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The Short Guide to Business Casual Styles for Men

man in white dress shirt and black pants sitting on the sidewalk during daytime

It is important to know what business casual attire should look like. Even among “experts”, there is still a lot of confusion about what business casual actually means these days.

Today, I want to let you know that you can relax. Business casual does not have to be difficult or confusing. Today, I present the first ever tested guide to business casual style. You’ll learn how to dress well and be the best dressed man in the room by following a few guidelines.


Step 1: Forget everything you know about dress codes. In 1975, a coat, tie and hat were essential for survival. You wouldn’t have worn chinos to work 20 years ago.

Wall St. took a page from tech companies and poached all their top talent. They also relaxed their dress code. One thing that is constant about dress codes rules is the fact that they are constantly changing. Maybe I’ll update the guide in a few more years to reflect another shift.

You have my permission to discard your business casual rules.


Let’s begin! Here’s the bad part: Business casual can mean different things for different industries. You can be more relaxed and have more control over your wardrobe choices if you are like my clients in tech.

If you work in finance or academia, you might be one step closer to wearing a suit and tie. These are my top tips to help you determine where your job falls within the formality spectrum.

Tip 1: Take a look at the clothes on others.

Simple, yet effective. One of these jobs might be for you. The owners wear jeans and t-shirts, and expect the employees to wear ties. Consider your office style as a whole. Look around, and find an average.

Are sports coats more popular than button-up shirts? If so, your business is probably more business-oriented. Do you see a lot of men in sweaters, boots and jeans? Most likely, your place is more casual. As a guide, you can use the scale I have created above.

Tip #2: Talk to HR (and your higher-ups!)

Your HR department should be able give you the details of what to wear to work if your company has one. Send them an email or drop by. Also, I recommend talking to the higher-ups about what to wear. Let them know that you are updating your wardrobe in order to better represent the company. They will appreciate it.

It was even more helpful to ask them about what is acceptable and unacceptable to wear with what I expected.


“How do I tell if something is too casual?” To answer this question, you don’t have to spend 15 years studying fashion. To quickly determine if clothing is “casual” or formal, you only need to know a few design principles (e.g. more business).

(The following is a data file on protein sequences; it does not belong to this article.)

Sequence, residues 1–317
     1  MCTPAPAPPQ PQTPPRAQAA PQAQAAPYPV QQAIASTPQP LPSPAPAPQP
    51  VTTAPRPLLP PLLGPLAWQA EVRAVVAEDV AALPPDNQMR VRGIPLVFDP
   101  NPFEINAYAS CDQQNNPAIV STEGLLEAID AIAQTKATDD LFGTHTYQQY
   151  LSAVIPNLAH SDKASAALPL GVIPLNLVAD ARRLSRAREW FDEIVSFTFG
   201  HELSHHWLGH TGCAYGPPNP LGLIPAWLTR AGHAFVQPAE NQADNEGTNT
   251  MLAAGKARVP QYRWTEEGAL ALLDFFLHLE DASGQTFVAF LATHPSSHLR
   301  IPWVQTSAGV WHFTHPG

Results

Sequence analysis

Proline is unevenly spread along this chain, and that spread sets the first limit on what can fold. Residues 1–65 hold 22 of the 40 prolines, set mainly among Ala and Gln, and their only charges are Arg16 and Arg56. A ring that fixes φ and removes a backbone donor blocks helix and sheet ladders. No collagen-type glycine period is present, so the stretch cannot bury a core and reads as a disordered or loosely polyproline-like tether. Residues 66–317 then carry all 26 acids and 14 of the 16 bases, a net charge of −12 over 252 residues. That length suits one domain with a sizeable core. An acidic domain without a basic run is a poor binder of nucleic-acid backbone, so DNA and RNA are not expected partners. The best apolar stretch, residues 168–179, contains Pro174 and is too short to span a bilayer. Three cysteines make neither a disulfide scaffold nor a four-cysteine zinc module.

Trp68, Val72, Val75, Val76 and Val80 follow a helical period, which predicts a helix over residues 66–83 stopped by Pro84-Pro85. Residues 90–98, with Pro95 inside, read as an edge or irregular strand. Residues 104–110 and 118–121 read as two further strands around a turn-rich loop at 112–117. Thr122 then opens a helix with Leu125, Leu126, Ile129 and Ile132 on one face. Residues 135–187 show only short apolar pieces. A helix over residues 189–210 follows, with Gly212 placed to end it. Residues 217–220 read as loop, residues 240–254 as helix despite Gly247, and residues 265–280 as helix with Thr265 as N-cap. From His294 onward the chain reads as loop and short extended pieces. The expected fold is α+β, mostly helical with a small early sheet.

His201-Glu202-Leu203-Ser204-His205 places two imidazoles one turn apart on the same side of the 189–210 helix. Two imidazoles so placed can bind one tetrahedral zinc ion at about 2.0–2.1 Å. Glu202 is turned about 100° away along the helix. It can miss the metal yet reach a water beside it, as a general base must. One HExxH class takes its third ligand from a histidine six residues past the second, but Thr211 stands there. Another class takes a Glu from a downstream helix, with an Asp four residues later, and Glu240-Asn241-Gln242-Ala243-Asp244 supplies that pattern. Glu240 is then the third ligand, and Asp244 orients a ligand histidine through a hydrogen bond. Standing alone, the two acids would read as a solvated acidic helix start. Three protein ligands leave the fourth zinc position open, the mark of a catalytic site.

We all know a few basic rules. We all know that button-down shirts and dress pants are more formal than jeans and t-shirts. What about when two items are very similar? For example, a button down shirt or a shirt with a button up?

The “More Means More Casual” rule can be used to gauge formality. A piece of clothing that is more casual tends to be less formal. A more trendy design is more casual. It has more details and more colors.

Let’s take a look at it.

Rule #1: More details make an item more casual.

Consider a graphic tshirt as an alternative to a plain white shirt.

You might prefer cargo pants with lots of pockets to simple, clean chinos. Although they might be made from the same fabric, the extra pockets, stitching and details make them more casual. These would probably not be appropriate for an important meeting.

This rule will become more obvious as I lay out items on formality scales later. For now, let’s think of this rule in another way. The more formal the design, and the simpler it is, the better.

Rule #2: Be more colorful and casual.

A pink shirt is more casually dressed than a white shirt. A light blue suit is casually more casual than a dark Navy suit. Neutral colors, such as white, black, grey and olive, are more formal and professional when it comes to formality.

Rule #3: The more casual the trendier

You can find a more modern design in the casual section, such as athleisure sweats or Hawaiian-style print shirts. Items that are higher up on the formal scale tend be more timeless and classic.

Although this tool may not be foolproof, it is a great starting point for shopping and planning your outfits. It’s not all about one piece. It’s about how you combine your pieces to create a versatile wardrobe.


Now you know where you want your casual business attire to go. You know how to tell if something is formal or casual fast.

Let’s learn from each other how to create your perfect casual business start-up wardrobe. As I said in my post about building a minimalist wardrobe, I like a minimum of 1.5 weeks worth of outfits.

Why? Because most people only do laundry once per week. We need enough clothes to last us through the week. Plus, we want clothes that can be worn every day.

You can add more pieces to the template if you wash your laundry less frequently or want more variety. This is where I recommend that everyone start.

We want multiples of the same item, but not two at a time. The stuff that can get a little crazy fast, such as socks, underwear and shirts. As a buffer, you can add 2-3 extra for each day.

Plan for our laziness. We should do laundry on time every seven days in a perfect world. Some weeks, however, I am lazy and I know I’m not the only one. Instead of having 7 days worth clothes (6 days plus what you wear on laundry days), we now have 10 days to stock as a “laziness buffer”.

Accessories not included. Accessories like sunglasses, ties, pockets squares and bags are optional, but they can add an interesting element to your outfit.

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